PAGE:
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by Michael Portantiere

From Jersey to Westphalia


    Daniel Reichard

    Versatility, thy name is Daniel. In his very first New York show, Forbidden Broadway, Daniel Reichard demonstrated a great talent for adopting the voices and body language of various theatrical characters (and actors). He had a somewhat similar assignment in The Thing About Men, in which he also played multiple roles. In the regrettably short-lived Radiant Baby at The Public Theater, Daniel gave an uncanny performance as Keith Haring, but he did a major turnaround in type for his Broadway debut role: Bob Gaudio in the mega-hit Jersey Boys.

    On top of all this, Daniel has been a regular presence on New York's cabaret and club circuit, further proving that he can do just about anything by singing music that runs the gamut from hard rock to pop to the standards of the great American songbook. And now he may be found at the New York City Opera, where he's taking on the title role of the noble Westphalian youth Candide in the Harold Prince production of Leonard Bernstein's gorgeous operetta.

    "I did this part 10 years ago at the University of Michigan," he tells me, running down the impressive list of others in that production who've gone on to Broadway: "Barrett Foa was Voltaire/Pangloss, Celia Keenan-Bolger was Sheep #1, and Alexander Gemignani was the Grand Inquisitor. Courtney Balan, who's in Cry-Baby, was also in it. We were all the closest of friends. By the way, Mark Simon -- the casting director for New York City Opera -- saw that Michigan production, and I think that's how the connection was initially made. There's something about the character of Candide that just comes out of me. Doing this part again has been kind of like getting back on a bike."

    Is it a stretch for Daniel to sing operetta? Not really. "My voice teacher in Ann Arbor, Melody Racine, is an opera singer. She taught many of the Michigan grads, and she teaches a classically based technique. We weren't allowed to belt, everything was well placed. Her method with me and many of her students was to create a single voice. She gave me a very strong, legitimate technique. So I came to New York in 2000 with this kind of old-school voice, if you will. I used it in Forbidden Broadway and in Brigadoon at Goodspeed, but then I started getting all of these jobs in rock musicals and developed a style for singing rock and pop music. I love that I get to do both in my career."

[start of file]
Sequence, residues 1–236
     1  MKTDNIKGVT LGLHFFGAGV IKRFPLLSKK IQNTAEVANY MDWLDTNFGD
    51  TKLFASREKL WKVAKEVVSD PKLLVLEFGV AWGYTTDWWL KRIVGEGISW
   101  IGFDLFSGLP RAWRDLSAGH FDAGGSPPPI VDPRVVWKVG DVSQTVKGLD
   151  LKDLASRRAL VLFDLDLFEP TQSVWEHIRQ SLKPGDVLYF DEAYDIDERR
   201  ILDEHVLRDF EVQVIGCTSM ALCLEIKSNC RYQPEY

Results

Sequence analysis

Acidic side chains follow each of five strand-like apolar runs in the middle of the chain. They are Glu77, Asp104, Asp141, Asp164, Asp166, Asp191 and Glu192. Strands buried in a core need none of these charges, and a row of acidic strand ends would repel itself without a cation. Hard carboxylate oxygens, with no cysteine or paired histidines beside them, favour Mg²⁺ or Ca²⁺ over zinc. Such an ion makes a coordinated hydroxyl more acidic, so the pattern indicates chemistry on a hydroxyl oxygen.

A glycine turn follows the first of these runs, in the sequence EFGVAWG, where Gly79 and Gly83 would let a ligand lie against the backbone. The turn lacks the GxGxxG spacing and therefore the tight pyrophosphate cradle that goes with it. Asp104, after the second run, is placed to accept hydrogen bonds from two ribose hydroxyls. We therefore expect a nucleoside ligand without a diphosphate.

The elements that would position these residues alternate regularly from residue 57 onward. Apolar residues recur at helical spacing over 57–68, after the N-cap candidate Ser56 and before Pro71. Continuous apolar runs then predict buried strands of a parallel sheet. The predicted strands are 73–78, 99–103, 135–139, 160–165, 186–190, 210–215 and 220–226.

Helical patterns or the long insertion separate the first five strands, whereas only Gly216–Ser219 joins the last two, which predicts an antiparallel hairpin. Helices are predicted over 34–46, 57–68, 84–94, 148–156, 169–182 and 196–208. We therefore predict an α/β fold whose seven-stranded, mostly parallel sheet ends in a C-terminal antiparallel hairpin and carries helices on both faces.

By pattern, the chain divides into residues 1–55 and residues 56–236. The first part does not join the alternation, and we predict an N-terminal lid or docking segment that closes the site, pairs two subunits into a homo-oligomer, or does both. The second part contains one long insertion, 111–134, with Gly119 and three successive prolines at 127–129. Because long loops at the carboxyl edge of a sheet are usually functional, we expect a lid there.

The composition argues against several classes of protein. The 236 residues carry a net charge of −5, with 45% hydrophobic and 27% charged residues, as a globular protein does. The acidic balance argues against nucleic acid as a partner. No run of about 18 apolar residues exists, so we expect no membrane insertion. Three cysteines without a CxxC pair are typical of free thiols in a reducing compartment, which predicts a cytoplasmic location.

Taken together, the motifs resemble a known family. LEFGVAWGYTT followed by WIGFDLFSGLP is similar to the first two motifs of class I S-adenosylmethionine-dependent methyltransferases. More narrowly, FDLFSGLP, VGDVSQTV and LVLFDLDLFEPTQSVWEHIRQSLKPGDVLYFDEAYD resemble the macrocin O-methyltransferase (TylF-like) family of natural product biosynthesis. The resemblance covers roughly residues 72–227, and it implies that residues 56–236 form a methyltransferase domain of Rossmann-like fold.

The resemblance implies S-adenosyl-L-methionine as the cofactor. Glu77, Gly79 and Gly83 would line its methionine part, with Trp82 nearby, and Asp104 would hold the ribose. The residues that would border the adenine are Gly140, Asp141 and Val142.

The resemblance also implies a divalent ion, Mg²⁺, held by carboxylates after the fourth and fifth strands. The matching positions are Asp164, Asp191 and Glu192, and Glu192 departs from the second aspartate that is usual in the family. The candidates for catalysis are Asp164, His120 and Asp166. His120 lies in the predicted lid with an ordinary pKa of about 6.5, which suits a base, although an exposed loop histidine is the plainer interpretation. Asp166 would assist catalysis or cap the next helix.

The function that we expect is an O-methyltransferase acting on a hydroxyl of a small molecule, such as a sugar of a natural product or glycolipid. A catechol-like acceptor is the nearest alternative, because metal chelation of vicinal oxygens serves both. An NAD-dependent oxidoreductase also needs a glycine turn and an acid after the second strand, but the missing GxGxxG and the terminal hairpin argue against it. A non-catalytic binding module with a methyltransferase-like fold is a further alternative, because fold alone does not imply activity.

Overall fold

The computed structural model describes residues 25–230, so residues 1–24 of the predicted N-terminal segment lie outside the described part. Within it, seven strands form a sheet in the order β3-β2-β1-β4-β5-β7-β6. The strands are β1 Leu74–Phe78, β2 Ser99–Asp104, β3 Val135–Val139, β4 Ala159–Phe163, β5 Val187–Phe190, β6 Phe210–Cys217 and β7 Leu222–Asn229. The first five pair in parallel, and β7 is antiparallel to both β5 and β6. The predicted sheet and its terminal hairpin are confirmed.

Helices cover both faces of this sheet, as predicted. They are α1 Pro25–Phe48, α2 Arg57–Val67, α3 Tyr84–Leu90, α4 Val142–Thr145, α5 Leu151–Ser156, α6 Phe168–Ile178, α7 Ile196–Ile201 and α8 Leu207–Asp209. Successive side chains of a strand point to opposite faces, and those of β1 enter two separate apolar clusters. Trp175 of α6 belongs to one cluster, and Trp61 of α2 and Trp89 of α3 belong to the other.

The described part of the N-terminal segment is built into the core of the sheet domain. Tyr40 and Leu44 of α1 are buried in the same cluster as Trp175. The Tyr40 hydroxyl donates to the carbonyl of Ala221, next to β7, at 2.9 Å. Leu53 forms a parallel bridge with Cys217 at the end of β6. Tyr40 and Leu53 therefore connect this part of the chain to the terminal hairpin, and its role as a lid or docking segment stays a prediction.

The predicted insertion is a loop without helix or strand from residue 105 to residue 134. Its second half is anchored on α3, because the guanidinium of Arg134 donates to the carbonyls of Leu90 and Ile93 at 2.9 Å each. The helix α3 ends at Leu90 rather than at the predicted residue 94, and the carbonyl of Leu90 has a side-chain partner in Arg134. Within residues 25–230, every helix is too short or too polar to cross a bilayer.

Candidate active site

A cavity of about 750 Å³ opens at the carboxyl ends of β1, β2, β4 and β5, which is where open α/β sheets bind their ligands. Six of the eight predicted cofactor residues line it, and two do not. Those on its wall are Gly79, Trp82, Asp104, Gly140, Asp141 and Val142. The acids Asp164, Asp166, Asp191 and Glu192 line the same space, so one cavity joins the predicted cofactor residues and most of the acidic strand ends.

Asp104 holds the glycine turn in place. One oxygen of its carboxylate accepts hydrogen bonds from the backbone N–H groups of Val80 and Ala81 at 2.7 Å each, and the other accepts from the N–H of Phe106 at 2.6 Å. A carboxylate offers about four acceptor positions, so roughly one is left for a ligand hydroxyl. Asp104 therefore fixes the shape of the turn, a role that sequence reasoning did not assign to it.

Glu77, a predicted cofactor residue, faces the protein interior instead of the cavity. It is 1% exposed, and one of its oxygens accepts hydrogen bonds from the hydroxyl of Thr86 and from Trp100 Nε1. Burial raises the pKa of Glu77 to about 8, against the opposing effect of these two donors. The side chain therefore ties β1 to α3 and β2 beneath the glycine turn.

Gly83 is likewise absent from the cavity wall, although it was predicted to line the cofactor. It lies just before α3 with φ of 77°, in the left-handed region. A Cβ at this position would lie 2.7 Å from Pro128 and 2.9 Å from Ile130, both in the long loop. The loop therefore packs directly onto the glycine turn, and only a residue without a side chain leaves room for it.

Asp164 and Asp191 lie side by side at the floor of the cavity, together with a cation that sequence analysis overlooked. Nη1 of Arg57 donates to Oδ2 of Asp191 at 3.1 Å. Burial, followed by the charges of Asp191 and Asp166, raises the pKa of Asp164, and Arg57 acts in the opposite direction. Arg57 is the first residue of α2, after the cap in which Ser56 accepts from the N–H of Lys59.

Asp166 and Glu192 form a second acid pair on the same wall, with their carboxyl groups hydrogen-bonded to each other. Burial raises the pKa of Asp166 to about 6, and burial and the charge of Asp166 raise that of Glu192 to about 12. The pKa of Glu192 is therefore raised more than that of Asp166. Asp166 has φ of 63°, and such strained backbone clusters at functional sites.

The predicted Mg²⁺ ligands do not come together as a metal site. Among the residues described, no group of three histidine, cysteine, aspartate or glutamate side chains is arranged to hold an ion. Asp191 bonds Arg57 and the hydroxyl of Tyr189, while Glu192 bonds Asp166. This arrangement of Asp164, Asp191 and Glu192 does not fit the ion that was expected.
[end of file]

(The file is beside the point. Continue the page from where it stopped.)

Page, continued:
Daniel makes a conscious effort to seek out different types of roles. "Playing Keith Haring was a cool experience and sort of legitimized me as one of New York's geekiest actors," he says. "Playing Candide again is great because he's a noble hero. He gets the girl, he's brave and strong -- even though he's a little goofy sometimes. I'm a little goofy myself, and I'm not embarrassed about it. I'm proud of it! Candide gets to do it all. I love the comedy of the piece and the character, but at the same time, there are opportunities for beautiful singing and real drama."

    Candide was revived on Broadway in 1997, and at City Opera just three years ago. A 2005 concert presentation by the New York Philharmonic, with Kristin Chenoweth and Patti LuPone among the leads, was telecast by PBS and is available on DVD. So the piece is not at all an unfamiliar commodity. Still, Daniel is concerned that fans who know him only from Jersey Boys might be hesitant to attend an operetta, and he wants to reassure them on that score.

    "It's an epic adventure, like The Lord of the Rings," he enthuses. "It's about this boy who goes on a very extreme journey. The audience sees the story through Candide's eyes, and they develop a relationship with him. The piece is so charming and funny as it shows us the adventures of this young man who has an unconquerable spirit in the face of human suffering. It's not hard to follow -- and it's all in English. No one should be afraid of it. I think of it as the perfect gateway to opera."

    Daniel has warm words for his castmates; they include Broadway's Richard Kind as Voltaire/Pangloss and Judith Blazer as the Old Lady, with Lauren Worsham and Lielle Berman alternating as Cunegonde. Hal Prince, who's recovering from a stroke he suffered two months ago, has not been directly involved with this revival but, according to Daniel, "he checks in. Shortly before he had the stroke, he sent me a personal letter saying how excited he was that I was going to be playing the part, and how near and dear Candide is to him. When I opened that letter, I couldn't believe it. I didn't even know Hal Prince was aware of my existence. The letter has lived on my refrigerator for the past three months, as a reminder of how blessed I am to continue to be a part of this community."